But will the project fly? There are doubts about just how many people would be prepared to shell out 20 big ones for a vacation aboard a creaky vessel that has been plagued by air leaks, electrical failures, fires and more. And then there are the economics. "Although these investors would like to make a breakthrough in commercializing manned space travel, it's not clear that the project could generate sufficient revenue to make it viable," says TIME space correspondent Jeff Kluger. "Profitability comes from volume, and there's only one Mir. Right now the profits for the private sector in space still lie predominantly in unmanned space flight."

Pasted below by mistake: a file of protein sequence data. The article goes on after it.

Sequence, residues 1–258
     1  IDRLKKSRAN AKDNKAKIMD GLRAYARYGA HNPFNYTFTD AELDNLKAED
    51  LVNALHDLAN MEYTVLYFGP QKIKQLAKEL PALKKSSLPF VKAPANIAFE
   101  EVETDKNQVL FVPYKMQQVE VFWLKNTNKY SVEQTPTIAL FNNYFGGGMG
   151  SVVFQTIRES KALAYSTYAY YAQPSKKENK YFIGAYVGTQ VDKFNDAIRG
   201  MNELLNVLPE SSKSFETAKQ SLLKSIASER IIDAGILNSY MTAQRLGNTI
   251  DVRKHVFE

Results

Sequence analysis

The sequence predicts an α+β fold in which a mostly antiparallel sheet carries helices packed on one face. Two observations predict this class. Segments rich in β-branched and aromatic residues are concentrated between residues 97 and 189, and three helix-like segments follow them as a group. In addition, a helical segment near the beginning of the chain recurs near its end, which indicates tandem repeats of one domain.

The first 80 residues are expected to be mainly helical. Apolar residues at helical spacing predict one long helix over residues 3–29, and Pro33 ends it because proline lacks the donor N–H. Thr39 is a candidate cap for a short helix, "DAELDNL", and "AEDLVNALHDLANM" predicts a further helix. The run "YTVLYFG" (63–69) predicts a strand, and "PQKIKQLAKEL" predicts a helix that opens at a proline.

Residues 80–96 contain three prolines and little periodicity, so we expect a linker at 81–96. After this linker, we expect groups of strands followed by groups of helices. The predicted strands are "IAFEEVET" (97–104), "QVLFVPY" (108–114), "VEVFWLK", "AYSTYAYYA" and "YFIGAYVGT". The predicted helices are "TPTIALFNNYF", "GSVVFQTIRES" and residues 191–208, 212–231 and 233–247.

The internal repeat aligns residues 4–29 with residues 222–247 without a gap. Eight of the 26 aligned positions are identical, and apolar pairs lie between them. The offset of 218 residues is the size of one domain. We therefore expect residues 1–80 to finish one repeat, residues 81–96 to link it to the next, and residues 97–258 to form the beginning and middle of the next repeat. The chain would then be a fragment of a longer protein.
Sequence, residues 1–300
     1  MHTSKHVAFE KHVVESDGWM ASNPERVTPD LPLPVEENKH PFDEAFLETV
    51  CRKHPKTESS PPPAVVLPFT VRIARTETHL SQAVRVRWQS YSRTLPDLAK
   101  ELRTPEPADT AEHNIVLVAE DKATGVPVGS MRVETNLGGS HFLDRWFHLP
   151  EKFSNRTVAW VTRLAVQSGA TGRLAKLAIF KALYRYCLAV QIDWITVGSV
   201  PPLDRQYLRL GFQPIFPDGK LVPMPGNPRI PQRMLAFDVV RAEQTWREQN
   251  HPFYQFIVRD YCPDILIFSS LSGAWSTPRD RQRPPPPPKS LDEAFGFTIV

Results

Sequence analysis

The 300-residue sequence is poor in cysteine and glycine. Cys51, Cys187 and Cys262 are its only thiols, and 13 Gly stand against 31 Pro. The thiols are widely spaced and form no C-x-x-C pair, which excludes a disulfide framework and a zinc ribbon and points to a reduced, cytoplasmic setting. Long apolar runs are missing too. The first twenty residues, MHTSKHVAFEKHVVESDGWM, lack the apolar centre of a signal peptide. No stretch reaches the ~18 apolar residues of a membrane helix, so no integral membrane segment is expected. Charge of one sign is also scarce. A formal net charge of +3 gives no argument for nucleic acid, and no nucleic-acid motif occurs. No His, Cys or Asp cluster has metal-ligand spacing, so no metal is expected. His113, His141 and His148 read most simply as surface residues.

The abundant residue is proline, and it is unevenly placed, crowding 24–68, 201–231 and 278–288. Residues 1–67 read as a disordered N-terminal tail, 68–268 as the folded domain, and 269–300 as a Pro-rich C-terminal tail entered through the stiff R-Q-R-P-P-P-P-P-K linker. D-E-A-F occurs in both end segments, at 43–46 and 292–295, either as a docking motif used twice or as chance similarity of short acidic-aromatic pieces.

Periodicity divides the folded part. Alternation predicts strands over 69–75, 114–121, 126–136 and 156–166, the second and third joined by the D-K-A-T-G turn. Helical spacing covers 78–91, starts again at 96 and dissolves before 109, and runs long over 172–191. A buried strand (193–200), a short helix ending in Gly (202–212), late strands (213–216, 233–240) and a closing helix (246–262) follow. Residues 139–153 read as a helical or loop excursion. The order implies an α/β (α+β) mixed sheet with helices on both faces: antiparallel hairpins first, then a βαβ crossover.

NASA isn't exactly thrilled by the privatization of Mir, because the project is still consuming valuable manpower and resources from the Russian space program, which is now in partnership with the U.S. to build a bigger orbiting space station. "The Russians are heavily committed to the International Space Station project, and the U.S. doesn't want them diverting scarce resources and manpower into keeping alive an orbiting derelict," says Kluger. "But that won't make much difference to Moscow, because Mir is an enormously emotional issue for Russia it's the last surviving achievement of their once-great space program." And in its fifteenth year in space, they'd rather see it turned into a millionaires' motel than incinerated over the Pacific.